Staying Positive During Time Off Due To A Season-Ending Injury

Anna Schwab, Managing Editor, Sports & Wellness

Injuries are common in all high school sports, but once an injury becomes season-ending, it can be devastating to the athlete.

Josie Post, ‘24, plays soccer at Minnetonka High School and is dealing with one of these types of injuries. In the beginning of the fall soccer season, she tore her ACL playing soccer. This injury not only led to her being out for the season but also led to her being out of the sport entirely for the next nine months.

For many high school athletes, their sport is very much a part of their daily life, and this fact makes it that much more impactful when it is taken away due to an injury.

When participating in any sport, an athlete hopes that an injury will not happen. But they are often unavoidable and can happen at any point in a game, practice or even outside of the sport.

When Post was asked what the hardest part of dealing with her injury was, she said that it was in the beginning when “[she] had to use crutches for two weeks. It was during the summer so [she] wanted to go and do [activities] with friends” and could not. She also said that “getting around school with [a] knee brace was hard for a little while.”

  However, every obstacle encountered has a silver lining. For Post, it was the added free-time. She said that “[she] got more time to play the piano” and that she was able to “play the guitar and ukulele [more] too.” Post also said “[she] got to spend more time with friends and family,” which was definitely another positive.

Post’s advice for other athletes facing a season-ending injury is “just to get another hobby because you get so much free time, [since] you’re not playing your main sport. It’s kinda nice to have something else to do.”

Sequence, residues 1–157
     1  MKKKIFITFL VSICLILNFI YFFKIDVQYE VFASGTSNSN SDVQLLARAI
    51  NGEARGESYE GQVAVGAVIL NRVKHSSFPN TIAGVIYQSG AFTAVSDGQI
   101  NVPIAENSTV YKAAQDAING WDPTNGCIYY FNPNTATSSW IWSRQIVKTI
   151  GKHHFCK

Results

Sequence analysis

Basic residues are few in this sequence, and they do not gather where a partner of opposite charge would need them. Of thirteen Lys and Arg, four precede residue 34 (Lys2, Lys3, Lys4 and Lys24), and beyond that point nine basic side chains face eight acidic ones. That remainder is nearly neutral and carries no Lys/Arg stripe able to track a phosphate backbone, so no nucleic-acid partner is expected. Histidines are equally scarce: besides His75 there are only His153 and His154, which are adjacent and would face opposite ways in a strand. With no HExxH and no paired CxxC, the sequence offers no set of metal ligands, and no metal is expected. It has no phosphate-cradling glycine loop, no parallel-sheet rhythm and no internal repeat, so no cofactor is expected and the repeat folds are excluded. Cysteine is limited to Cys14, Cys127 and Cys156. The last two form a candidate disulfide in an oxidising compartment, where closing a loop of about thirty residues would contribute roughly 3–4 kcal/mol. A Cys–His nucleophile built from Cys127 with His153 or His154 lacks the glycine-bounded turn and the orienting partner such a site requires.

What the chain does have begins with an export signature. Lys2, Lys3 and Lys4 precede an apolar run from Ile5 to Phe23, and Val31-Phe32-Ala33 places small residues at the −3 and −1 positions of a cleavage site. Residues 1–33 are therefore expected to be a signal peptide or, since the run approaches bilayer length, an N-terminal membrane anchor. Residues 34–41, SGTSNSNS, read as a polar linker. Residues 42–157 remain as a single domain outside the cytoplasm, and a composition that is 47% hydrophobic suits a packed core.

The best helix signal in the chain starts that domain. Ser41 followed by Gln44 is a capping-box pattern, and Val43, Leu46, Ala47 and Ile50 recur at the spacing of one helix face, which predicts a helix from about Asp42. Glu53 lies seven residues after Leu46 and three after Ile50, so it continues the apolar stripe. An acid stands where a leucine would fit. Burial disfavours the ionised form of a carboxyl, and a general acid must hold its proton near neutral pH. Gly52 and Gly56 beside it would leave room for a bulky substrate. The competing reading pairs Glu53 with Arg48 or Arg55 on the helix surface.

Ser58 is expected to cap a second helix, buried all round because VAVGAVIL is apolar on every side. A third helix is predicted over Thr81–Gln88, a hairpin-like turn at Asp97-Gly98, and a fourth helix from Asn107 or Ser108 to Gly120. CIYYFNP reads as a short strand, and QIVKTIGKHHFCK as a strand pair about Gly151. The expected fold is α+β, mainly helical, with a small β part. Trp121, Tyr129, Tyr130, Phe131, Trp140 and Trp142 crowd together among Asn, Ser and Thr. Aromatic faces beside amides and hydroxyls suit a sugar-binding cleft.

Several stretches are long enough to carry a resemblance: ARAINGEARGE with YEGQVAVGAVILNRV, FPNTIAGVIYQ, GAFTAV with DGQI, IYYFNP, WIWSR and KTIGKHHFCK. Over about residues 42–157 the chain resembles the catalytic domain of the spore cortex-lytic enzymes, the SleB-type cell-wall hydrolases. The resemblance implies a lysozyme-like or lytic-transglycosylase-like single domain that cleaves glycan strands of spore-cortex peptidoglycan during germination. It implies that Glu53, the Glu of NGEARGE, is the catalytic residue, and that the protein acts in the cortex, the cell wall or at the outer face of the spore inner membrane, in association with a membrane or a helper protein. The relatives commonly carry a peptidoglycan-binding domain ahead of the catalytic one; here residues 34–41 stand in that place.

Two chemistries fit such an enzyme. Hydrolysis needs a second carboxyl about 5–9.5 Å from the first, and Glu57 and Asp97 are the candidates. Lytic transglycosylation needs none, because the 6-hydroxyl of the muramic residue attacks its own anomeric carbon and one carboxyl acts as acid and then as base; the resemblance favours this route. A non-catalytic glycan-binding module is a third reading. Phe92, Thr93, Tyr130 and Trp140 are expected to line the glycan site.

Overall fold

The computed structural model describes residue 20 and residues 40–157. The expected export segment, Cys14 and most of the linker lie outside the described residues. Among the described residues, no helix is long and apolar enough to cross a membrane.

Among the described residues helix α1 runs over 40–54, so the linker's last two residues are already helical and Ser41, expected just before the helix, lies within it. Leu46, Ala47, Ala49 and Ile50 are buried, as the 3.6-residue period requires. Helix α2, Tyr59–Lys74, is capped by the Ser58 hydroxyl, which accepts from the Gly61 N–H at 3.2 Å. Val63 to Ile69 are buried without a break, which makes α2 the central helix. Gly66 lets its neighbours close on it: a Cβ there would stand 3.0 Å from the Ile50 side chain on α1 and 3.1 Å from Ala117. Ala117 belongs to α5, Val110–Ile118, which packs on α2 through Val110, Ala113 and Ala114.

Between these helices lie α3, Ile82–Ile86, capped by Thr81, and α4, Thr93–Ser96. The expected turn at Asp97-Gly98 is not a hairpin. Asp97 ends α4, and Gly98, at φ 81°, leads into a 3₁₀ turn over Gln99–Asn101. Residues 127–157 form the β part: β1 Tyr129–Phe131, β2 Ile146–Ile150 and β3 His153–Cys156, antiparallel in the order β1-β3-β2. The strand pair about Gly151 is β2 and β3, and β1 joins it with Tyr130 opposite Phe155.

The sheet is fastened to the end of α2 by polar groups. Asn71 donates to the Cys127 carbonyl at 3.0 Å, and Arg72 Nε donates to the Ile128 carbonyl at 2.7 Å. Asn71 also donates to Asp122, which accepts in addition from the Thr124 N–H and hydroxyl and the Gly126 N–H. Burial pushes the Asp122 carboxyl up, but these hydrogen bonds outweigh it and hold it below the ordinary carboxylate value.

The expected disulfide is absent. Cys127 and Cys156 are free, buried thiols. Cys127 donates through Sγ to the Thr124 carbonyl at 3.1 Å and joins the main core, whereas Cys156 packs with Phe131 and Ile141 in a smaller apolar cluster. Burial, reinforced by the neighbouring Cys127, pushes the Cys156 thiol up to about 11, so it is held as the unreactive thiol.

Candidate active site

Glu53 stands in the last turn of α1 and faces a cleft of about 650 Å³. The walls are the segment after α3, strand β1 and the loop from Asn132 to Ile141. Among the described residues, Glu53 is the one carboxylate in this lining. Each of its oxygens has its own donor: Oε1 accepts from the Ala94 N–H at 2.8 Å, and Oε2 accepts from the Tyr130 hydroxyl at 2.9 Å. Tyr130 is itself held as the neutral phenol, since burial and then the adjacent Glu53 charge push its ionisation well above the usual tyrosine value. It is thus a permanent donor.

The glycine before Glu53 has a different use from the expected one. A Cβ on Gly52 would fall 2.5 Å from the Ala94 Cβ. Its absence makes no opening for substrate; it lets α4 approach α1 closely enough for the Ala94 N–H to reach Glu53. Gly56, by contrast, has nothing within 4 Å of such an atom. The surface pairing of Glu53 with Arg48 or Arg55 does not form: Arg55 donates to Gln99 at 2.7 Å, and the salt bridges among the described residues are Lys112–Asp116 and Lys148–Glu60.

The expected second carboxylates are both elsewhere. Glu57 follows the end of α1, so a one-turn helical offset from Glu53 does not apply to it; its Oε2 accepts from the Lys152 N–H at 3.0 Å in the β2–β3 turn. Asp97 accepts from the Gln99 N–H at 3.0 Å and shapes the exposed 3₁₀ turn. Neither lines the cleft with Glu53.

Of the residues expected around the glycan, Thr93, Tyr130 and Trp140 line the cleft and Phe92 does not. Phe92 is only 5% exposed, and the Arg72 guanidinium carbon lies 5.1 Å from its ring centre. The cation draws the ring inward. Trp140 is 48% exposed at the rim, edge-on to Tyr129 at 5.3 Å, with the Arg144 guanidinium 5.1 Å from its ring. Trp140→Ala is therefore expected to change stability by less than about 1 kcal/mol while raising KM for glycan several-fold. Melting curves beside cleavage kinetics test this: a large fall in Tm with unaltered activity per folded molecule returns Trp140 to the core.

When any athletes are facing injuries, especially a season-ending injury, they want to jump back into the game as soon as they can, but sometimes it is too soon.

Casey Jewett, a physical therapist from OSR Physical Therapy, touched on how a lot of student athletes try to jump back into their sport too fast.

Jewett said the most challenging part of working with student athletes for him is “that athletes try to return too quickly, [since as physical therapists they] are not on the field with them like athletic trainers are, it’s harder to keep [injured athletes] off the field.” He also said that athletes might “try to lie about their symptoms to return to a sport quickly.”

Even though injuries are sometimes unavoidable, they can be prevented.

Jewett said that the best way to prevent season-ending injuries is to “get in a good warm-up” before practice “so you’re not jumping into a sport cold.” He also said that “a functional/dynamic warm up” is the most effective for injury prevention.

Jewett also said that “there are statistics that show that a lot of depression can come with any season-ending or long-term injury.” His advice for athletes facing injuries that are keeping them out of the game is to “stay active with your team.”

“It is important to stay with your team and still go to practices,” games, and “still see your teammates,” even when an athlete is injured and probably would not be able to participate, Jewett said.